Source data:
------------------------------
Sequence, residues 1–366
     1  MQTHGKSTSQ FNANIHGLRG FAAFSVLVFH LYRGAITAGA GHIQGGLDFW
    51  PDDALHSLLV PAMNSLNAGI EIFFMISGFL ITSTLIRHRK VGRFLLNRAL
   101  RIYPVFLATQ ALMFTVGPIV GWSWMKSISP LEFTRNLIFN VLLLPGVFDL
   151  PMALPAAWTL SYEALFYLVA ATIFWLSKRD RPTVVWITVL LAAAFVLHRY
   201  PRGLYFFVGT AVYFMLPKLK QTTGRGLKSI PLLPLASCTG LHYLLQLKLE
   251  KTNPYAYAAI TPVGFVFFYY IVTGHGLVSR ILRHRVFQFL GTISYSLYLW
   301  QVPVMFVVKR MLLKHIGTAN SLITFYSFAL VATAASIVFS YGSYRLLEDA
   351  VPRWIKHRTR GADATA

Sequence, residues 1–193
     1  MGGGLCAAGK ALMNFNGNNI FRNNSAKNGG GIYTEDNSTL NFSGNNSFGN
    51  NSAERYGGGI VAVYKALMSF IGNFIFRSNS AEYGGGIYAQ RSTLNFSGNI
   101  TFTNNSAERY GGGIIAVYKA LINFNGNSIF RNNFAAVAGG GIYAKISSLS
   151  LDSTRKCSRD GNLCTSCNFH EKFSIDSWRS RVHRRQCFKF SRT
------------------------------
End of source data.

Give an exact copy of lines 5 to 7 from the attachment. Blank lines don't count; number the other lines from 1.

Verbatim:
   151  PMALPAAWTL SYEALFYLVA ATIFWLSKRD RPTVVWITVL LAAAFVLHRY
   201  PRGLYFFVGT AVYFMLPKLK QTTGRGLKSI PLLPLASCTG LHYLLQLKLE
   251  KTNPYAYAAI TPVGFVFFYY IVTGHGLVSR ILRHRVFQFL GTISYSLYLW